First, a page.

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Jobu examines the curious case of the surging Brewer, Yuniesky Betancourt.

I almost hesitate to make this post part of my Redemption Song Series because, well… You have to have once been good to have a redemption, don’t you? Perhaps I’m being a little harsh on our friend, Yuniesky Betancourt, but it’s not like he was a great major leaguer before his current surge. Either way though, there’s something special going on for him in Milwaukee and I’m just here to report the news.

Like many Cuban ballplayers, Betancourt has an interesting beginning built into his story. He was one of the better players in Cuba early in his career: a second baseman with blazing speed and a solid bat. Like every other Cuban hoping to escape the clutches of Fidel Castro, Betancourt left the island on a speedboat (although actually he’s lucky he had that, I suppose) in the middle of the night. He ended up in Mexico, where he played until he was signed by the Mariners in January of 2005, when he was 23 years old. By late July, he was on the big league roster.

Known more for his glove than his bat, Betancourt actually had better offensive numbers than defensive ones, making over 20 errors in each of his first three full seasons in baseball. Because his range wasn’t all that great either, he became known as one of the worst shortstops in baseball. At least he hit a little, though. From 2006-2008, he hit .286/..306/.404 and managed to hit 24 homers in that time as well. He twice almost reached 40 doubles too. He wasn’t a world beater at the plate, but at least he could handle himself with the bat.

Not good at defense... not good at all. (Jerry Lai/US Presswire)
Not good at defense… not good at all. (Jerry Lai/US Presswire)

The big concern was that Betancourt’s pitch selection was among the worst in the league. He rarely struck out, topping out at 54 in 2006, but he almost never walked, topping out at 17 in 2008. In 2009, things started going South for him. In early July, he was hitting .250/.278/.330 and the Mariners decided they’d had enough. They traded Betancourt to the Royals for Derrick Saito and Dan Cortes (no, not the MTV host, although it might as well have been).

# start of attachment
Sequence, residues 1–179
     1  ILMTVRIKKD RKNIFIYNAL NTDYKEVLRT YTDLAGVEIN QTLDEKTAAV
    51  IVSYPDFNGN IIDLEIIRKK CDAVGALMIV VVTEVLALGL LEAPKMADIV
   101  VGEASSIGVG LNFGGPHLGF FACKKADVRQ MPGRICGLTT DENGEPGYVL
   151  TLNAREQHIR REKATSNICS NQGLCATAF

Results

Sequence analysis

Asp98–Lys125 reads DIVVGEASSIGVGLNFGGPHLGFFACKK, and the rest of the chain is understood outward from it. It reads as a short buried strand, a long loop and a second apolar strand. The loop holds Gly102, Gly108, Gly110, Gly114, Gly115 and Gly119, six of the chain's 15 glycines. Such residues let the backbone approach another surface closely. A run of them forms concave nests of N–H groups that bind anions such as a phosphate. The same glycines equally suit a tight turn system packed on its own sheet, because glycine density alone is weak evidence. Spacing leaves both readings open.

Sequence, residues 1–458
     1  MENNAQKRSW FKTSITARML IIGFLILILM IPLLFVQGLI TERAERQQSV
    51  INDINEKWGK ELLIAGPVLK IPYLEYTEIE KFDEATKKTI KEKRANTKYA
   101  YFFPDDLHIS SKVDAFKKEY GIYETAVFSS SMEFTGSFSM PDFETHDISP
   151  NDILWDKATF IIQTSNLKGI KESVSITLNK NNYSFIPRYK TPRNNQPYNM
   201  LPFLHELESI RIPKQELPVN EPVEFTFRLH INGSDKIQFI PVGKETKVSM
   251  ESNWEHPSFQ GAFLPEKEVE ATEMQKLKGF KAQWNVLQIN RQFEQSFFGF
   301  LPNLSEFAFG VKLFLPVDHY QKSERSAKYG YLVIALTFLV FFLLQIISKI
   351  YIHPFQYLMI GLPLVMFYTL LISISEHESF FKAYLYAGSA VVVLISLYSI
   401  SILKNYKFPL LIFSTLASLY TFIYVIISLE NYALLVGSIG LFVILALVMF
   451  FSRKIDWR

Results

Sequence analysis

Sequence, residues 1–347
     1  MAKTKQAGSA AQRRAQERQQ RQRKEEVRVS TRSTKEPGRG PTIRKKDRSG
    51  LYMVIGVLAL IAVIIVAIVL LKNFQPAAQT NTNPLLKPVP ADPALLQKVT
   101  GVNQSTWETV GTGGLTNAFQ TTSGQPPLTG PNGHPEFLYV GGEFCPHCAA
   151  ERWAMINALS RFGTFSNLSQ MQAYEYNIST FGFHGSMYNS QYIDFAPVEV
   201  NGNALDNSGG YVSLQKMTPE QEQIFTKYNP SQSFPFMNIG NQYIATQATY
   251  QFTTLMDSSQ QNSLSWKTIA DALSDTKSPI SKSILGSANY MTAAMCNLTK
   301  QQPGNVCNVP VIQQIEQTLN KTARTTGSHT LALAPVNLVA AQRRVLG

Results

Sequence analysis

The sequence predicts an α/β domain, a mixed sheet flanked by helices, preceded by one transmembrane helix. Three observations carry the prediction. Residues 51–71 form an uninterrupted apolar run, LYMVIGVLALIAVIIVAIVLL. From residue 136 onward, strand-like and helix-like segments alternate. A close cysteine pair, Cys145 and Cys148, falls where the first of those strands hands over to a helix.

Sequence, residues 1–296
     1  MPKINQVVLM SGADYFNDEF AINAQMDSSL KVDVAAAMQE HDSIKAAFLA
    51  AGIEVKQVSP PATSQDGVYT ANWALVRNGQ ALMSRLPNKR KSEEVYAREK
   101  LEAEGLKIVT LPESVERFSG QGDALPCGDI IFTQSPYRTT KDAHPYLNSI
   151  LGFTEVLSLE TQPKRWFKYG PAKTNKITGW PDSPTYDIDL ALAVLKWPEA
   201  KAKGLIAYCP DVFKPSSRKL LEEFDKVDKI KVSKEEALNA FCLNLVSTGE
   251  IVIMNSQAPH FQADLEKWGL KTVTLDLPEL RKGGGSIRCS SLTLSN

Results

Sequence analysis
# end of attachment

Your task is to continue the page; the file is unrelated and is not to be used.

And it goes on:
He actually had his best offensive season in 2010 with Kansas City, hitting .259/.288/.405 with 16 homers and 78 RBI. He even walked a career high 23 times! It would not be enough. The Royals sent him to Milwaukee as part of the Zack Grienke deal, for Lorenzo Cain, Alcides Escobar, Jeremy Jeffress and Jake Ordozzi (what a trade for K.C., btw). The brewers cut him after one year and he ended up back with the Royals for the 2012 season. After the Royals cut him this past August, he signed with the Phillies during the off-season. They cut him before the end of spring training, and the Brewers took another chance.

Betancourt has been playing all over the field so far in 2013. He’s made 14 starts at third (filling in for the injured Aramis Ramírez), 6 at first (where he’s currently filling in for the injured Corey Hart and his sunglasses) and also spent some time in the outfield and at short. While he’s not been particularly great at any of it, he’s only made 3 errors in his 30 games. But boy, has he hit. Although the season is young, Betancourt has been one of the more dangerous hitters in this Brewers lineup, putting together a slash line of .248/.273/.480, with 8 homers and 24 RBI. How has he done it? According to a report i read on Hardball Talk, Betancourt says:

“Leave the ball on home plate and I swing. I swing wherever it is, but when it’s on home plate, I actually hit it.”

I couldn’t have made that up if I tried. Enjoy the redemption song while it lasts, Brewers fans. It won’t. Yuniesky’s just not good enough. But for now, the tune his bat is playing is pretty damn sweet.

Featured image courtesy of: Jeffrey Phelps

Martin Stezano

About Martin Stezano

Uruguayan born and American raised with a unique perspective on the domestic and international sports scenes. It will both tickle your funny bone and enlighten your mind. Love it or hate it...just read it.